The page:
Four Varieties of Social Responsibility: Making Sense of the 'Sphere of Influence' and 'Leverage' Debate Via the Case of ISO 26000

21 Pages Posted: 9 Mar 2011

See all articles by Stepan Wood

Stepan Wood

Peter A Allard School of Law, University of British Columbia

Date Written: March 4, 2011

Abstract

One of the key controversies in social responsibility discourse is whether an organization’s responsibility should be based on its capacity to influence other parties or only on its actual contribution to social and environmental outcomes. On one side of the debate are those who argue that the limits of an organization’s responsibility should be defined in terms of its “sphere of influence” (SOI): the greater the influence, the greater the responsibility to act. On the other side are those who reject the SOI approach as ambiguous, misleading, normatively undesirable and prone to strategic manipulation. Foremost among the critics is the United Nations Secretary General’s Special Representative for business and human rights, Professor John Ruggie, who rejects SOI as a basis for defining the boundaries of the business responsibility to respect human rights. The newly published ISO 26000 guidance standard on social responsibility was at the centre of this controversy during its final stages of drafting. This paper examines how the concept of SOI is articulated in ISO 26000 and the extent to which it responds to the concerns identified by critics. It proposes a four-part matrix of “influence-based” responsibility, defined by the intersection of two distinctions that are often elided in SR discourse: the distinction between “influence as impact” and “influence as leverage,” on one hand, and the distinction between negative and positive responsibility, on the other. The paper argues that ISO 26000 avoids the conceptual ambiguity identified by critics by defining SOI exclusively in terms of “leverage”; that it avoids the main operational ambiguity identified by its critics by eschewing the problematic concept of “proximity;” that it embraces all four varieties of social responsibility to varying degrees, repudiating the normative claim that social responsibility is only negative and impact-based; and that it provides at least a partial response to the problem of strategic gaming.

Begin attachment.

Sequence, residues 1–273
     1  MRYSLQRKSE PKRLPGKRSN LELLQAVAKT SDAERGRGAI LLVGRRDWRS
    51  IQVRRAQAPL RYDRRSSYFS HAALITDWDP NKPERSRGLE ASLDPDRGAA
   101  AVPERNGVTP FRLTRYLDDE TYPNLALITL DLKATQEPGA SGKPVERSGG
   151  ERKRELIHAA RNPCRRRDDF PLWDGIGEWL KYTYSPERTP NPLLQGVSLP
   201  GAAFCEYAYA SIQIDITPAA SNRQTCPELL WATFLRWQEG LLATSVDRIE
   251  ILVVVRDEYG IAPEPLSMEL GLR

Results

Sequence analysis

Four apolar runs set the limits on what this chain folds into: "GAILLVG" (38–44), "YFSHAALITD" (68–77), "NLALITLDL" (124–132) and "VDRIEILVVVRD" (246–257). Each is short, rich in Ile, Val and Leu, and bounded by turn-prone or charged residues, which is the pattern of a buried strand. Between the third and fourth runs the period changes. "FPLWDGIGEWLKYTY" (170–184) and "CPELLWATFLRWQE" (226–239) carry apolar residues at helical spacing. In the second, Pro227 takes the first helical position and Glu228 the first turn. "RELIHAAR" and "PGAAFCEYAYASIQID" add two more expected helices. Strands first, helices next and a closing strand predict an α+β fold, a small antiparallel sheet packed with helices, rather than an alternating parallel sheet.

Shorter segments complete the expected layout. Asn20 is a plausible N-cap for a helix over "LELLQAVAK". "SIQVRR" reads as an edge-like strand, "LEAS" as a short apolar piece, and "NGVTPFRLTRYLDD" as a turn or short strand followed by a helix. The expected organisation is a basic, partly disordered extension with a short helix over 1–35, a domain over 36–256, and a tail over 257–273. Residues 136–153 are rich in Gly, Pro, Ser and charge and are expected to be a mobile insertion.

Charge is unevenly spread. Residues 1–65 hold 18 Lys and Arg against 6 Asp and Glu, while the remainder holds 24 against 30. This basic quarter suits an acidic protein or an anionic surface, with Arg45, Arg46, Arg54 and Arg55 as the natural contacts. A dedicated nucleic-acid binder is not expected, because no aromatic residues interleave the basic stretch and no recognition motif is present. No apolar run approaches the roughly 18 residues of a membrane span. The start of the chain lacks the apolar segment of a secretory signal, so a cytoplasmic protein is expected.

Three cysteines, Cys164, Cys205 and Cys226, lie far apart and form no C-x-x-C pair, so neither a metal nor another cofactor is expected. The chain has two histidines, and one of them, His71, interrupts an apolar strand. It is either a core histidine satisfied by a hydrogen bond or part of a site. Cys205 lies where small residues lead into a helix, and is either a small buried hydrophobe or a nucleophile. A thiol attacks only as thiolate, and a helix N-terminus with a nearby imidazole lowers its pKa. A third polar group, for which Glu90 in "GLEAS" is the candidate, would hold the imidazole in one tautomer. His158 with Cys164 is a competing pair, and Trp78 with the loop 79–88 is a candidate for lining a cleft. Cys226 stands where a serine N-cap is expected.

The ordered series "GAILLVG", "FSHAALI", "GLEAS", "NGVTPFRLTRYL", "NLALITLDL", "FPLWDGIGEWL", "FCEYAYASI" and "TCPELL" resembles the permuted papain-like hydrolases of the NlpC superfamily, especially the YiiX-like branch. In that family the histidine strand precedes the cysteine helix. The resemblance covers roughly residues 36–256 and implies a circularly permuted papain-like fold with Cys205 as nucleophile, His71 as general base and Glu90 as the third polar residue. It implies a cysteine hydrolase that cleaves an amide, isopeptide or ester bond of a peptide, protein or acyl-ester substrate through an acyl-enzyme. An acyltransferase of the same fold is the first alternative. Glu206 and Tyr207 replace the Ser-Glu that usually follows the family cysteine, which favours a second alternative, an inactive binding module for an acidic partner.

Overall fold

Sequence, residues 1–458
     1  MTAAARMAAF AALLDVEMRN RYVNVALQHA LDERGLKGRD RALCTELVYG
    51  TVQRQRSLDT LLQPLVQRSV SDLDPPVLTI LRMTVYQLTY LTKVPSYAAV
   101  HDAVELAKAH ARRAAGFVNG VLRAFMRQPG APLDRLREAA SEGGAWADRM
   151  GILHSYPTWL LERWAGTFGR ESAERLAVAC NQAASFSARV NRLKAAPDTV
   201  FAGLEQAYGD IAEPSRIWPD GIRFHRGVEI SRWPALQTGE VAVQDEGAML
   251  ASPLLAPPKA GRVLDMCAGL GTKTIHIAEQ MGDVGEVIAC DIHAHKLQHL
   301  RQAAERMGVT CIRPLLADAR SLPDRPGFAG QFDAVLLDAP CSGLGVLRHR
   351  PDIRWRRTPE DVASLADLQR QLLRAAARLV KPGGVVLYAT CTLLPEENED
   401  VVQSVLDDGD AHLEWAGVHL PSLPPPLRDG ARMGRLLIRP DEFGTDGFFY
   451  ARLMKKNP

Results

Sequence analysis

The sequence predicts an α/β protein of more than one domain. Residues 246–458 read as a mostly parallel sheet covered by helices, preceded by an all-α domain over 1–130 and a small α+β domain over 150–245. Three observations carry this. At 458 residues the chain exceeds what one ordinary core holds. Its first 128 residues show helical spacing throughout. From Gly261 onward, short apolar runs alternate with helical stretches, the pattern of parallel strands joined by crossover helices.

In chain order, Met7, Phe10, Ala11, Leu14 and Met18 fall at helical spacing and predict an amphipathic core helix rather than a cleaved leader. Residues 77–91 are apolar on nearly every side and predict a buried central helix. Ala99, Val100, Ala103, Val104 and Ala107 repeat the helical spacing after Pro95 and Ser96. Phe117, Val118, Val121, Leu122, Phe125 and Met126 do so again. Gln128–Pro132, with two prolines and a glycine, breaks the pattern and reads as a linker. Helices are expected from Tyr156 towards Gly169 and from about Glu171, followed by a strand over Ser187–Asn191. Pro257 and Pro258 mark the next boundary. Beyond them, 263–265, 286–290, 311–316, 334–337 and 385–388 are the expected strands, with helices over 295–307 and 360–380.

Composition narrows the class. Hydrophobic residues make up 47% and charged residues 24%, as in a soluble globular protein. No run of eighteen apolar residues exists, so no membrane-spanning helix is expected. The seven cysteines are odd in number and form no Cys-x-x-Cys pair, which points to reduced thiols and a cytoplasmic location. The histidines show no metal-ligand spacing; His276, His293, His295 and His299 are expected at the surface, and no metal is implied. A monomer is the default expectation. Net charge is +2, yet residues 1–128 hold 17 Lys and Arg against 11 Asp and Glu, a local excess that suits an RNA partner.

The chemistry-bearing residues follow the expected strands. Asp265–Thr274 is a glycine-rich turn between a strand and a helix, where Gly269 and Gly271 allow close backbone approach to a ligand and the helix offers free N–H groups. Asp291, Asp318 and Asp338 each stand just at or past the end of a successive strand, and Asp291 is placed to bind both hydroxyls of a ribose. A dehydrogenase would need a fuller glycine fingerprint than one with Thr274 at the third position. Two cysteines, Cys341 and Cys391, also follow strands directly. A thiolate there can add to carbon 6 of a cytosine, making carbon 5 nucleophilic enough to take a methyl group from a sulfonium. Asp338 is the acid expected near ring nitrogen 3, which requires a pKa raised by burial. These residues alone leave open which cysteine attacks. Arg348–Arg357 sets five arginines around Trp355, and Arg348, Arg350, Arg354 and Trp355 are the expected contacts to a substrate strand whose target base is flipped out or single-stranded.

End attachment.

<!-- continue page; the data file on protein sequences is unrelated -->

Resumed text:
Keywords: Social responsibility, sphere of influence, leverage, ISO 26000, John Ruggie, business and human rights

JEL Classification: k39, K33, M14

Suggested Citation

Wood, Stepan, Four Varieties of Social Responsibility: Making Sense of the 'Sphere of Influence' and 'Leverage' Debate Via the Case of ISO 26000 (March 4, 2011). Osgoode CLPE Research Paper No. 14/2011. Available at SSRN: https://ssrn.com/abstract=1777505 or http://dx.doi.org/10.2139/ssrn.1777505

Stepan Wood (Contact Author)

Peter A Allard School of Law, University of British Columbia ( email )

1822 East Mall
Vancouver, British Columbia V6T 1Z1
Canada
+1 604-827-0441 (Phone)

Register to save articles to
your library

Register

Paper statistics

Downloads
358
rank
81,190
Abstract Views
1,453
PlumX Metrics
!

Under construction: SSRN citations while be offline until July when we will launch a brand new and improved citations service, check here for more details.

For more information